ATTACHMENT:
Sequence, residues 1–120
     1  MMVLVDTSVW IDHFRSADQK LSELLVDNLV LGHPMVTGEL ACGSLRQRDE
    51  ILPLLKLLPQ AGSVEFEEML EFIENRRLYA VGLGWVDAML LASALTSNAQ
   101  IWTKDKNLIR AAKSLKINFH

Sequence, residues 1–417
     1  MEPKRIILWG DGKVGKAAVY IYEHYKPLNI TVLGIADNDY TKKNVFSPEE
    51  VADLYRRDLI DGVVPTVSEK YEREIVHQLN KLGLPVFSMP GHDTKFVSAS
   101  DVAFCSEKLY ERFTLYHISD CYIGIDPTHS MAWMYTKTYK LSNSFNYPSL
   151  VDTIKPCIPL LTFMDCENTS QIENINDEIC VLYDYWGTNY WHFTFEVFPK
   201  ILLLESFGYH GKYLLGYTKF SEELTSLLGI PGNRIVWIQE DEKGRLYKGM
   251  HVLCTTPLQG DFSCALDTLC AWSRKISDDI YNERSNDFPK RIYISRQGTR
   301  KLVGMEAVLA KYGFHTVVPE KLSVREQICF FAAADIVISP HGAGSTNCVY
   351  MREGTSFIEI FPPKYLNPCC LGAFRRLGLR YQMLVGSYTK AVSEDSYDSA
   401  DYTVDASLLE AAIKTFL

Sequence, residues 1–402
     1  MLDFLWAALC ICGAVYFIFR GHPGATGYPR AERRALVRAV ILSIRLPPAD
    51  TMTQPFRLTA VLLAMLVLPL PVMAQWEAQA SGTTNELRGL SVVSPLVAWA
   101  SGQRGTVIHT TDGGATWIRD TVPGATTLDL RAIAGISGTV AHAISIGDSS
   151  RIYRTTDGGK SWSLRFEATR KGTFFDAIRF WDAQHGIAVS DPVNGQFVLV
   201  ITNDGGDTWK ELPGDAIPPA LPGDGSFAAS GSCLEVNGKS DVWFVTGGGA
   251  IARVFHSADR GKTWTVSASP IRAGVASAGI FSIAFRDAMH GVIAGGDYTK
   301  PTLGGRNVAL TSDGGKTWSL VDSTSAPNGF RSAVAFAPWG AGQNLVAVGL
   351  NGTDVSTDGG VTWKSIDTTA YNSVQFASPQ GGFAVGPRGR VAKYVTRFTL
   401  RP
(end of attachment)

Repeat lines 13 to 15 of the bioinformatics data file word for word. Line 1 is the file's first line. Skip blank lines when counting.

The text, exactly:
   351  MREGTSFIEI FPPKYLNPCC LGAFRRLGLR YQMLVGSYTK AVSEDSYDSA
   401  DYTVDASLLE AAIKTFL

Sequence, residues 1–402